Thursday, February 13, 2014

Gnocchi: Making Messes and Getting Creative

For the past couple of months, I have struggled with recipe rut. Either the recipes don’t turn out like I had hoped, or it just didn’t taste post-worthy. I am also dealing with wanting to do so much. Along with a full workweek at the NGO, I’m also doing six credits worth of work this semester for school. Hoping to make use of my free time more efficiently, I had this optimistic hope that I could cook, photograph, write, sew, draw, paint, exercise, sing, dance, and travel in my free time. I wanted to work on enhancing my skills in all of these simultaneously. I wanted to devote equal amount of time all of my creative outlets.

And then reality set in. I couldn’t do it all and still hold on to my sanity. In an effort to better myself to such extreme measures, without down time or people I cared about, I would be talented… but not a better person. I've had great advice from friends when I needed suggestions in making time for my passions: 

"Preferably mix the ones most compatible and develop them together (such as art and writing). If it can't be managed, stick with the one you love most and rotate the others."

"Combine them. Works the best for me. Although my hobbies are different, they mostly go hand in hand."

Worse still, I started to see the struggle CK goes through when he talks about making food as a chore. It isn’t as fun when you aren’t making it with or for other people. After the two Maltese dishes I made, I was left with tons of leftovers. It became monotonous and boring to eat the same thing day after day. Food really does taste better with other people to enjoy it with. The ambience and the company are equally important to eating as the food itself.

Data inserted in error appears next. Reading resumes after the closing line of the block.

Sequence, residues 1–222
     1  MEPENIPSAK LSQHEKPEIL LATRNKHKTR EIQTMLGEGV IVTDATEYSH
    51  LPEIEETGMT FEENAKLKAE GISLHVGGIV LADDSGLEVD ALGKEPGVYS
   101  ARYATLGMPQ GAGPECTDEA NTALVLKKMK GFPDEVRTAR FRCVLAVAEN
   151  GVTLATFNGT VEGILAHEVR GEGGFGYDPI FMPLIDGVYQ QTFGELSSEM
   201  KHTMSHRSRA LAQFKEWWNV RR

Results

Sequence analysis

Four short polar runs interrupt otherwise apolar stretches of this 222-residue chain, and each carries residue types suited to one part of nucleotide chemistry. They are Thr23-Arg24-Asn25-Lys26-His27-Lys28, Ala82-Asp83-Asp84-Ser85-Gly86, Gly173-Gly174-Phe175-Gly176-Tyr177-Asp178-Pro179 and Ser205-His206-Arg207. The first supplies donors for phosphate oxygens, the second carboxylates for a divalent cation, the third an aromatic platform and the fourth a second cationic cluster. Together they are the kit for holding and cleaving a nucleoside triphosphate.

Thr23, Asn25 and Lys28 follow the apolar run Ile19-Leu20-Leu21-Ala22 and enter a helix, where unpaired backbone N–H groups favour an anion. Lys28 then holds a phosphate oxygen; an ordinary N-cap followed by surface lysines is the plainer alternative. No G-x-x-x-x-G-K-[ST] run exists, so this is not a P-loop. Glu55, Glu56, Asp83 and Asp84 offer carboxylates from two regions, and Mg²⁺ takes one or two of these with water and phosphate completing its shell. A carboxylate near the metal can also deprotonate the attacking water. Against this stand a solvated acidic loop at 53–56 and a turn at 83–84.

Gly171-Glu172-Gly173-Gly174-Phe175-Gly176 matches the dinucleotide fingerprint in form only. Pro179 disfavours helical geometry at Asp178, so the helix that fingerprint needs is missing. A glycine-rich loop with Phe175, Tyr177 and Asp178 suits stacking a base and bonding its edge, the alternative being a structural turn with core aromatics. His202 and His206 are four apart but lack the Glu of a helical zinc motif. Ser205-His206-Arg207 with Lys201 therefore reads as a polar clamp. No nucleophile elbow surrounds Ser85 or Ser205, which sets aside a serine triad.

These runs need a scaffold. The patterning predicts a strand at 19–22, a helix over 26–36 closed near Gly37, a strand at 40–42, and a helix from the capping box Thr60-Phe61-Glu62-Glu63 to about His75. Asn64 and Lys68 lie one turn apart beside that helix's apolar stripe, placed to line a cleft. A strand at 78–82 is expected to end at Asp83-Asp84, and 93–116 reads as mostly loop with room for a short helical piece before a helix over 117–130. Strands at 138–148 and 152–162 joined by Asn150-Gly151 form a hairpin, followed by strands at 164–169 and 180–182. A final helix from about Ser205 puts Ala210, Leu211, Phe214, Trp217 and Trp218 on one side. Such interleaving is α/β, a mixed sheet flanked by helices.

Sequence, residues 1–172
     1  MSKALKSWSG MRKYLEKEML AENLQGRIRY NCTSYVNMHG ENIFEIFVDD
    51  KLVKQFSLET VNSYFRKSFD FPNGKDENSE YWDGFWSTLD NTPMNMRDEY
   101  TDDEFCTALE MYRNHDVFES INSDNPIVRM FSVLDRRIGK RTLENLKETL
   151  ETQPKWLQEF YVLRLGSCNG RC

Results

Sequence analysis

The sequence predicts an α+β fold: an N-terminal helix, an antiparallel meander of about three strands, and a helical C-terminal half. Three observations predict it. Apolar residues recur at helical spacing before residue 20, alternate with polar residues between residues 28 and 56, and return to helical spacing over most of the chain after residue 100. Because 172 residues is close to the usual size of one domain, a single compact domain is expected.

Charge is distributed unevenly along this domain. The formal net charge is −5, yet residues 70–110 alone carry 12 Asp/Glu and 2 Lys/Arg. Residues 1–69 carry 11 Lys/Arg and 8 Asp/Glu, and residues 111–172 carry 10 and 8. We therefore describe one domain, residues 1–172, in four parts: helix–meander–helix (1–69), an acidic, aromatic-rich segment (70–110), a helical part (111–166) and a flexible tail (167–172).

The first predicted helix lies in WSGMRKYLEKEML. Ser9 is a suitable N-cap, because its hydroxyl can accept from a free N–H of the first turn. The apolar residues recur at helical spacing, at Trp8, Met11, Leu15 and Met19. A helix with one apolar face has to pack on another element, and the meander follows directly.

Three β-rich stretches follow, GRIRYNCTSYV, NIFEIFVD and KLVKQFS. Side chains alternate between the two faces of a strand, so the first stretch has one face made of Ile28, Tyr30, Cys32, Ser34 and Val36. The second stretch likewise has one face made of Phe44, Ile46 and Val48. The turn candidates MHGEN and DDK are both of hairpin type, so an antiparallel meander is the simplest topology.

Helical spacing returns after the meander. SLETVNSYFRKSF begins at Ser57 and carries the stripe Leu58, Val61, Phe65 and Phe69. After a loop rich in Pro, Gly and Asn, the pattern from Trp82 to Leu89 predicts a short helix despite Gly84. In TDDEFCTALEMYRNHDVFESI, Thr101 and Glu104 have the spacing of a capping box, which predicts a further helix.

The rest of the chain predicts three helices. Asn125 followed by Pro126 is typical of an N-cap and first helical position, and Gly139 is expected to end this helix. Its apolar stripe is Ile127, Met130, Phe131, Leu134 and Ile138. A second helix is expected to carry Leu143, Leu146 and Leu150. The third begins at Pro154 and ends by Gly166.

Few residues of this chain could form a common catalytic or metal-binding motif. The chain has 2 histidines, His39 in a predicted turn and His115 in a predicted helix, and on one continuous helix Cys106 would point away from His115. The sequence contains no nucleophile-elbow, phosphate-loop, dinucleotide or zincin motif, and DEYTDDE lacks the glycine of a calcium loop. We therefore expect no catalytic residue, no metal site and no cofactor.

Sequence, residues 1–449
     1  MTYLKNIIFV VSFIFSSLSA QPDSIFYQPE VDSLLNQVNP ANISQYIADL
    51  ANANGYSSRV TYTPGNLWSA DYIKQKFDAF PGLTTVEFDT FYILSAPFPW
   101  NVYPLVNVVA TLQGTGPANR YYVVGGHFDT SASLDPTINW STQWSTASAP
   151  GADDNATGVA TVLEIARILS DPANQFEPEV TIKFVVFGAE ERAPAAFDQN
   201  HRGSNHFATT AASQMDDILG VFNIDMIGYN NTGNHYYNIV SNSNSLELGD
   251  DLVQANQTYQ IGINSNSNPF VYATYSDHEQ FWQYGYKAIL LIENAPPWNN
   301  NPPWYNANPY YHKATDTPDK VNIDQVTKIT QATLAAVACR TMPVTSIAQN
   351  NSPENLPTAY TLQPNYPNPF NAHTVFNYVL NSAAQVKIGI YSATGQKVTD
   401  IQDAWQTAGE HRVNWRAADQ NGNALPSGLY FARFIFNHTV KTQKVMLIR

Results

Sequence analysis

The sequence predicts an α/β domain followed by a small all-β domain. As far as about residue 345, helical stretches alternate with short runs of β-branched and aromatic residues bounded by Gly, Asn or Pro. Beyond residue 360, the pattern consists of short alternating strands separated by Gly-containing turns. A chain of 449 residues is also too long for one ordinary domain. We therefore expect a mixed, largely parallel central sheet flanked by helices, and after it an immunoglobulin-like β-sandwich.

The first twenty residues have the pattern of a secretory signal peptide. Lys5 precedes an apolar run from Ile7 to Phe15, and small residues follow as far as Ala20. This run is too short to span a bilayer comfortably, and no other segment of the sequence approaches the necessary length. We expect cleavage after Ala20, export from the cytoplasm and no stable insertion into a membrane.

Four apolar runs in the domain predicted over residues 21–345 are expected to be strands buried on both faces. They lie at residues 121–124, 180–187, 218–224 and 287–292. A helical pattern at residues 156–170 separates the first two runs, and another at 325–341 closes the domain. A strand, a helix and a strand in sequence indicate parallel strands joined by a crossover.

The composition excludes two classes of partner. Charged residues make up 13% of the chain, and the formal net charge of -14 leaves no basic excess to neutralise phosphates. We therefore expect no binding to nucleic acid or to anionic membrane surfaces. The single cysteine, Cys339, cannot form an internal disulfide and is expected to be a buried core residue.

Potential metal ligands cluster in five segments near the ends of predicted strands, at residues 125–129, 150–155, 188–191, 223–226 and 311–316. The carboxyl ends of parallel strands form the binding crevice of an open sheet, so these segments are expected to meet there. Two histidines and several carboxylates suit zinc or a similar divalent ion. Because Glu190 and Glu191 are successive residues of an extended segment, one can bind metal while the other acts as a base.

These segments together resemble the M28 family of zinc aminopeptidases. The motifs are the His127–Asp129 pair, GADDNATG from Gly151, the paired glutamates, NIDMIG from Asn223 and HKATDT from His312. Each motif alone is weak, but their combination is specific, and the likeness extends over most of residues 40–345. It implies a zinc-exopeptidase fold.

"Where love sets the table food tastes at its best."
- French Proverb

Making gnocchi, for example, just doesn't taste the same unless you're making a mess with another person.

When CK visited in December, we made gnocchi for the first time. Without a potato ricer, they turned out tasting like mashed potato pillows, but still good sautéed in butter with spinach and cheese. And when he visited again at the end of January, he surprised me with a potato ricer, and it made all the difference.

Trial 1: Delicious, but dense and mashed potatoey

And before you tsk tsk with the concept of getting a potato ricer because it is considered a single use kitchen appliance and will likely gather dust in your cabinet next to your fondue pot, think again! I've used it to make lump-free mashed sweet potato and squeezed excess water from shredded zucchini for nutrient-laden pancakes. I am also in the works to making gluten free spätzle and single serving apple sauce with it. (So there...)

Gnocchi is by far my favorite pasta to make from scratch. There is no expectation to have a perfect shape, although the smaller the pieces the firmer they are after boiling. While initially bland in flavor, they transform a dish to something filled with comfort and warmth. Making and preparing gnocchi takes longer (and creates such a satisfying mess) than it does to cook it. I find my favorite way of making a recipe with gnocchi is cooking them and then using them to make a casserole of sorts with bubbling sauce and cheese. If you ever need a dish that promotes a borderline meditative state in making and eating, gnocchi is for you.

I followed the instructions Heidi of 101 Cookbooks wrote in her post “How to Make Gnocchi like an Italian Grandmother recipe”, and I found that the Maltese Derby worked quite well. And even better, I used my favorite flour (garbanzo bean/chickpea/besan) and turned it into a grain-free delight!

This is a dish to make with your sweetie on any date night you have coming up. It is also a great way to get your family and friends in on the fun of making a true blue homemade meal. In the midst of counters to scrub and flour to wipe off every surface, it’s certainly worth the mess.